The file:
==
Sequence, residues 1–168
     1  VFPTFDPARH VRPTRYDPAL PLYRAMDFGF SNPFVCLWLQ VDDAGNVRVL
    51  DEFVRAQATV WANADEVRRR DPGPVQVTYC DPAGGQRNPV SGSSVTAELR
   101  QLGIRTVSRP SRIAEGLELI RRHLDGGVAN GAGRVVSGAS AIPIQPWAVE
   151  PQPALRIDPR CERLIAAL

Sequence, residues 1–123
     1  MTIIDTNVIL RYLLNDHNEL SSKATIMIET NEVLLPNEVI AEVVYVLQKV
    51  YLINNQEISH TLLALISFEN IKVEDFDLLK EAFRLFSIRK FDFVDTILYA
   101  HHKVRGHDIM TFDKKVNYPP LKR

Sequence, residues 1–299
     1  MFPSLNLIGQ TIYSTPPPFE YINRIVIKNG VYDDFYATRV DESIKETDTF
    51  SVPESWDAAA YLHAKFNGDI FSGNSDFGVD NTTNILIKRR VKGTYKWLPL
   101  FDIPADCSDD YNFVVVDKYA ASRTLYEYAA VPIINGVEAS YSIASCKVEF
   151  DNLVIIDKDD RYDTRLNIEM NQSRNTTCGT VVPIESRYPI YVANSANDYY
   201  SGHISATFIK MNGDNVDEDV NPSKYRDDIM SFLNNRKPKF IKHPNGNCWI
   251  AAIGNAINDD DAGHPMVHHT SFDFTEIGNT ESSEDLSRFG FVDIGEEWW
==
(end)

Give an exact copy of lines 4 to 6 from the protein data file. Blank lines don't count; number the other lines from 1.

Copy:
   101  QLGIRTVSRP SRIAEGLELI RRHLDGGVAN GAGRVVSGAS AIPIQPWAVE
   151  PQPALRIDPR CERLIAAL

Sequence, residues 1–123